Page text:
These two images are an example of why little things matter when we compose and create images. I selected these images because in many ways they are based on a  just so-so image. I think they are good sketches of what might come from my work with motion, land and water, but they are not what I would normally consider strong imagery. However, they are a good example of how even so-so images are impacted by not paying attention to the basics of composition and structure.

In images, we are drawn to things that are in focus verse out of focus, light before dark, and things sitting on the edge of the frame can completely distract the viewer from the subject of the image. In this first image, I do experience the image as motion. The blurring of the water and the lightness of the water draw me into the frame, but I quickly look up at the tiny branches in the upper left corner. This plant a significant distraction. Not only is the position at the edge of the frame an issue,  but it is in focus so I am drawn to look at that part of the image once it catches my attention. Because it holds no purpose in this image, I a left wondering what those branches are about and my attention span is lost.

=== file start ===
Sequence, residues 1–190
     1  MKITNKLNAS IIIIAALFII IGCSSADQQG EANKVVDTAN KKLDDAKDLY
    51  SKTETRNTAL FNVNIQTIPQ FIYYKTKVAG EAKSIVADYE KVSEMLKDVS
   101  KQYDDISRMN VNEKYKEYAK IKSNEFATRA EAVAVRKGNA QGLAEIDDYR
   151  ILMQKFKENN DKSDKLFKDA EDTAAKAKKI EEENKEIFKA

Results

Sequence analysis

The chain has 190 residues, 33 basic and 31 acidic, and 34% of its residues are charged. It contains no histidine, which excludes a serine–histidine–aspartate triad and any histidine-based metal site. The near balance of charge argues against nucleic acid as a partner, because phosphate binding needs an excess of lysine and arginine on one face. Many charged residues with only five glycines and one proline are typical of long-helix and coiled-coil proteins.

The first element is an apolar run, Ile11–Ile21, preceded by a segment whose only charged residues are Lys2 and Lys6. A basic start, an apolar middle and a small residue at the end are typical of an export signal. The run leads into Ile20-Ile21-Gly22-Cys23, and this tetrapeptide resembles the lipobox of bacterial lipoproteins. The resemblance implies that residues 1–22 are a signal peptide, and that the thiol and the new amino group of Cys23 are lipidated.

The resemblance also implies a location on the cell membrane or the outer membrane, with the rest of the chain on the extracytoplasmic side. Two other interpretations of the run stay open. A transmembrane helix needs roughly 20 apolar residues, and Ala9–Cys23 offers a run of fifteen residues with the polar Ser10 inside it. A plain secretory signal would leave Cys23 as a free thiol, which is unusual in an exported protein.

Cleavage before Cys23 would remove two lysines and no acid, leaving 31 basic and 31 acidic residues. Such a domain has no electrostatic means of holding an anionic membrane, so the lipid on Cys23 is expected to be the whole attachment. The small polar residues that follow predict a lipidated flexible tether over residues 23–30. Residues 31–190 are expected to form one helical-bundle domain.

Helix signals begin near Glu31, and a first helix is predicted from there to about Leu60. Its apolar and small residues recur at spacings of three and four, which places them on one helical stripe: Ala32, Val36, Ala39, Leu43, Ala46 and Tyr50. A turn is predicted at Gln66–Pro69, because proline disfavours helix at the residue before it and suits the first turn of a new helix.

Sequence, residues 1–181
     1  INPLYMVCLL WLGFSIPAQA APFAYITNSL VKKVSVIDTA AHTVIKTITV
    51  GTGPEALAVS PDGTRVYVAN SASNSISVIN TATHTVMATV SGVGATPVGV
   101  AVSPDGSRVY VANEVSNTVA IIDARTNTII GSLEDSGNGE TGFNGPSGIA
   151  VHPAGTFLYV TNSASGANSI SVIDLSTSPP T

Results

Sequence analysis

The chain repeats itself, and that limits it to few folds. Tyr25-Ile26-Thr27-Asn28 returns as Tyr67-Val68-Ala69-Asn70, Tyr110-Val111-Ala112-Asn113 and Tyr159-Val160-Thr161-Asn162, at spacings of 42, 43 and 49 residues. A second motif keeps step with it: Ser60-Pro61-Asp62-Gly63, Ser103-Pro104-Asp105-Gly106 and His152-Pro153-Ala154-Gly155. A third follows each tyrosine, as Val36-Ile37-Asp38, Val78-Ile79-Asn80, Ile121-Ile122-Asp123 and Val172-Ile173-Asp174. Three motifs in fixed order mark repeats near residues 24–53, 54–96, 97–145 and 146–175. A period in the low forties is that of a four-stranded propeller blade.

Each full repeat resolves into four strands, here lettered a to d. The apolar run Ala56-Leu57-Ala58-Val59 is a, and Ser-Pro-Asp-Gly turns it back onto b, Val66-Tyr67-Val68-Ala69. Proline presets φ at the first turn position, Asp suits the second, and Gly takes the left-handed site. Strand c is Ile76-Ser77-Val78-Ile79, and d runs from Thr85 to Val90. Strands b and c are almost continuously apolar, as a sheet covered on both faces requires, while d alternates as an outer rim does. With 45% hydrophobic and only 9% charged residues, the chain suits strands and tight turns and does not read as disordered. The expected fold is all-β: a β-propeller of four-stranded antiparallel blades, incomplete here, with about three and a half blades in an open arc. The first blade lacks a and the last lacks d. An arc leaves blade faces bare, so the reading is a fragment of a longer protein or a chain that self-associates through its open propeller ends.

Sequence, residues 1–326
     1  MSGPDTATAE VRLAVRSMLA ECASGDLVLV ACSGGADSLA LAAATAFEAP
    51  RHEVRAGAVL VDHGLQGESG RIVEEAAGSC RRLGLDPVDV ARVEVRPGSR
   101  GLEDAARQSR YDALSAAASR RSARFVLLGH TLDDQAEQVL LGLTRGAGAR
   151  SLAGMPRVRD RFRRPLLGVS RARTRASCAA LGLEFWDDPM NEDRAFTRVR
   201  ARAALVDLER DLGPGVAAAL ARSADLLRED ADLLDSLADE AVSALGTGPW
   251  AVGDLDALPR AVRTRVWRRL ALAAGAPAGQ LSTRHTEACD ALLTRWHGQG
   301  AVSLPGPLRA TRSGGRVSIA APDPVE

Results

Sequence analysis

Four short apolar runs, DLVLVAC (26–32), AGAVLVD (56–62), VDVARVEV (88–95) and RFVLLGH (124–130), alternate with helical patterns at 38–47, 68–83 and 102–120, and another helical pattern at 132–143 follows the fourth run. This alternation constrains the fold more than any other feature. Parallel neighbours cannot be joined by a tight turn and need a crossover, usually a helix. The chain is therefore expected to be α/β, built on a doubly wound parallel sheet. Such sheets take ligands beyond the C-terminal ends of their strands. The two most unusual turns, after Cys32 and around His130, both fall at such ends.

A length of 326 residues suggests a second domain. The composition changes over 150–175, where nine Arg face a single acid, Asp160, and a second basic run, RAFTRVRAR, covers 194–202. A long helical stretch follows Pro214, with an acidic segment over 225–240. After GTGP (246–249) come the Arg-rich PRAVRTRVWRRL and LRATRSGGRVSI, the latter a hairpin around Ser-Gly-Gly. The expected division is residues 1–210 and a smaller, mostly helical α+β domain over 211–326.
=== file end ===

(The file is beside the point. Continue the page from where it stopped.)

In the second image we have a change in focal depth, darkening of the corners and a removal of the twigs from the corner. This composition moves me into the center of the image and allows me to spend time experiencing the motion of the water as it swrils around the eddy. If my eyes float around the image, I have removed the distractions to help pull you back to the center. The image is now completely about the movement of the water by allowing the soft focus and darker corners to help push your eyes to the center of the frame. I think this is a good example supporting the notion that even a so-so image can be improved if we shoot images that keep in mind the basics of image composition.


All images taken on a Nikon D300s with Lexar Media.